Act's wildlife policy:
•State-owned farmer Landcorp should be sold, with the proceeds put in a "Sanctuary Trust", Act says.
•Grants would be given to applicants who want to operate inland sanctuaries for native wildlife, conditional on targets for predator exclusion, biodiversity, and community access.
Landcorp should be flogged-off with the proceeds put into a trust and given to groups to support native wildlife sanctuaries, Act says.
David Seymour used his keynote speech at Act's annual conference in Orakei to call for the sale of the state-owned farmer, worth about $1.6 billion.
He also attacked other political parties, including National which he said hadn't achieved anything a Labour cabinet couldn't sign-off, and quipped that NZ First leader Winston Peters "shows us how well Donald Trump could do with better hair".
A self-described "climate luke-warmer", Mr Seymour said Act's values were the best fit with environmentalism - and said the Greens were hypocrites, citing their MPs' spending on air travel in the last quarter.
"All but three Labour MPs have electorates to get back to. Where do the Greens go?"
Mr Seymour said the proceeds of a Landcorp sale should be put in a "Sanctuary Trust", with grants given to applicants who will run inland sanctuaries for native wildlife, conditional on targets for predator exclusion, biodiversity and community access.
"Frankly the Act Party would sell a lot more than Landcorp, but let's start with that...we could do is take an asset that is environmentally damaging and create a legacy for the next 100 years."
Landcorp, the former Department of Lands and Survey, owns about 158,000ha of farmland in New Zealand and manages or leases another 226,000ha. It runs about 1.6 million stock units (sheep, beef, deer and dairy) on 137 properties and has a staff of about 700.
Finance Minister Bill English and State-Owned Enterprises Minister Todd McClay have expressed concern about their debt gearing in the wake of a slump in milk prices.
The SOE made a profit of just $1 million in the last six months of 2014, and has been in the cross-hairs of the Green Party which opposes more dairy conversions, particularly a contract, signed between Landcorp and landowners Wairakei Pastoral in 2004, to convert 26,000ha of pine forest to pastoral use.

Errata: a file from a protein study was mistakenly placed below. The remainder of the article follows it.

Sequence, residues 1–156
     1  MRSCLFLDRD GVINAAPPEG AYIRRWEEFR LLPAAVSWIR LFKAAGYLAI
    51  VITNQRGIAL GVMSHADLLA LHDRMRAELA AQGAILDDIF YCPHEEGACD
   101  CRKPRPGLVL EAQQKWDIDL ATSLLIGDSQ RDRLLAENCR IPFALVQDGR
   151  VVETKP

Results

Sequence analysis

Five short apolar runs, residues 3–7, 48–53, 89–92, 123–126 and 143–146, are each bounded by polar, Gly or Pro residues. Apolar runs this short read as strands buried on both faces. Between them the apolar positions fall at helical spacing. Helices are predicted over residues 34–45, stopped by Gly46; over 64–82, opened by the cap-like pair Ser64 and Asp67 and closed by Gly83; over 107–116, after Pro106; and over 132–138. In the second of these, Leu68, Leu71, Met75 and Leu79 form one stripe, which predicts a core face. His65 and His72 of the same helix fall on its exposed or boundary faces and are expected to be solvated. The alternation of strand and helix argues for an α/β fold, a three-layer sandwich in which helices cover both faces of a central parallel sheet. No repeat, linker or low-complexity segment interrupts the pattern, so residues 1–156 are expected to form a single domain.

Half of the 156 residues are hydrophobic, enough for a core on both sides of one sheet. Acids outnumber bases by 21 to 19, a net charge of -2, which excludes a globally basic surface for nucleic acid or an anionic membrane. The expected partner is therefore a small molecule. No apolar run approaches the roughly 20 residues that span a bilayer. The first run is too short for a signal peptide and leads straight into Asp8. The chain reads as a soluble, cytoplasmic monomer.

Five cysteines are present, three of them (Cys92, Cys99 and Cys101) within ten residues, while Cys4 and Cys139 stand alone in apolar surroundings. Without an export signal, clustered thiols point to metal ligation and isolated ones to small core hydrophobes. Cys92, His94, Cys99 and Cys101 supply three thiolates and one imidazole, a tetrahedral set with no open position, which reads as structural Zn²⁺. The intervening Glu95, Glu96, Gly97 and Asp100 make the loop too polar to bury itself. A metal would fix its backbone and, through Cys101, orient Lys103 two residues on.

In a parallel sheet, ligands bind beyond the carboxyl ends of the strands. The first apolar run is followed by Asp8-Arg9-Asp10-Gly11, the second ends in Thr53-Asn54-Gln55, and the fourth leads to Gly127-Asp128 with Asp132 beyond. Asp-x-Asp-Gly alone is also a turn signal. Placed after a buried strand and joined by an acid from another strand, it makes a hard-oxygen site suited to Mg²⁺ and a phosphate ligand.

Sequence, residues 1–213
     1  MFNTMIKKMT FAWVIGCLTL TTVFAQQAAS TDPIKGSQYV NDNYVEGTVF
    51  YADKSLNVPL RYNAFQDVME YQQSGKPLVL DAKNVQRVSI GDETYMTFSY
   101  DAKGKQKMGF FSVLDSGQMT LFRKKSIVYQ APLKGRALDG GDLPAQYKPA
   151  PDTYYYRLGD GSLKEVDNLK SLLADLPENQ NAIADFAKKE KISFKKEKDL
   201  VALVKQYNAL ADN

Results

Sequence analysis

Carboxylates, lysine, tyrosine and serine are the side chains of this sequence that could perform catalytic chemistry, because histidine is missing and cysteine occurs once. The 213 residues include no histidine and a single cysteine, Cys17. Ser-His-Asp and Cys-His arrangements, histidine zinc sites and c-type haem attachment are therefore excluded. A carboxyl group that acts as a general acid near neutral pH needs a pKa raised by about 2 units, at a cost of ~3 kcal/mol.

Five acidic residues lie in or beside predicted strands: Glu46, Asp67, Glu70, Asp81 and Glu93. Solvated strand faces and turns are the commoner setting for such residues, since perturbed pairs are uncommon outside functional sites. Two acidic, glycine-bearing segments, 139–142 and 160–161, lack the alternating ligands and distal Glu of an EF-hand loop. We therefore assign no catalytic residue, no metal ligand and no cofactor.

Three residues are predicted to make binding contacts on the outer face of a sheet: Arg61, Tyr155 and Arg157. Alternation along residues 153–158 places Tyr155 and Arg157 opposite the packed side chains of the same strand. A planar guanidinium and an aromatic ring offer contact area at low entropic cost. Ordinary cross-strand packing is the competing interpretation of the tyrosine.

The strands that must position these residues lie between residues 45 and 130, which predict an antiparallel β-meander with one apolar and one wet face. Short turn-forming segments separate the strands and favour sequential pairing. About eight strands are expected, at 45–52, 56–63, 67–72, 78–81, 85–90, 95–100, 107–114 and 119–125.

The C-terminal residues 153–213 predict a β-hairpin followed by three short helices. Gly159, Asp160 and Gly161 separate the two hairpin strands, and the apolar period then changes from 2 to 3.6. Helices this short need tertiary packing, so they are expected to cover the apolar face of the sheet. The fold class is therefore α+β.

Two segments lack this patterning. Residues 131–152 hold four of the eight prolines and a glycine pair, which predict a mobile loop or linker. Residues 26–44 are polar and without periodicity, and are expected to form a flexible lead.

Mr Seymour - whose speech was covered by New Zealand's biggest Chinese website Skykiwi and World TV - repeated support for tolls and demand-based road pricing (charging more during peak hours) to curb congestion, the abolition of the petrol tax, and moves towards tradeable water rights.
The conference's green theme will be bolstered by attendees this afternoon been given rides in a Tesla S, an electric sports car that goes from 0-100 in 3.2 seconds (outpacing most Ferraris).
Act has struggled to pass the 1 per cent mark in polling since the 2014 election, despite Seymour winning praise for his performance as leader.
He has acknowledged the difficulty of winning votes during a period when National remains popular, and today went on the attack, saying New Zealand needed better than the "timid, tinkering" approach of the National Government.
Prime Minister John Key, after eight years in Government, had not done anything a Labour cabinet could not have signed-off, Mr Seymour told members.
"The staple of a centre-right government should be tax relief. By the next election National will have gone eight years with nothing to say about it. Even adjusting tax brackets for inflation seems too hard for this Government."
Mr Seymour warned conference attendees that senior National ministers were seriously considering a possible future alliance with the Green Party: "National is a broad church and a few of them could sink without trace in a Green cabinet".
Act Party: A Brief History
•1996 Election - 6.1 per cent: Act elected to Parliament in first MMP election with eight MPs; leader Richard Prebble wins Wellington Central after a tacit endorsement from National PM Jim Bolger
•1999 Election - 7.04 per cent: Act wins nine seats, although leader Richard Prebble loses Wellington Central.
•2002 Election - 7.14 per cent: Act wins nine seats again, no electorate seats.
•2005 Election - 1.51 per cent: Against predictions, new leader Rodney Hide wins the seat of Epsom and brings Heather Roy into Parliament.
•2008 Election - 3.65 per cent: Rodney Hide retains Epsom and brings in four other MPs, including John Boscawen. Act signs a confidence and supply agreement with National
• 2011 Election - 1.07 per cent. No former Act MPs stand. Ex-National leader Don Brash leads the party to its worst result after ousting Rodney Hide as leader in coup and replacing Hide with ex-National MP John Banks as Act candidate in Epsom. Brash resigns. Banks becomes leader.
• 2013 December. Banks is committed to trial on charges of filing a false electoral return relating to his 2010 Auckland mayoral bid and announces his intention to resign as leader in February and retire at the 2014 election.
• 2014 February: Jamie Whyte made leader, David Seymour made Epsom candidate.
• 2014 Election: 0.69 per cent: David Seymour wins Epsom but no more MPs. Seymour made leader and appointed parliamentary under-secretary for education and regulatory reform.
• 2015 December - Seymour turns down offer of ministerial post by Prime Minister John Key.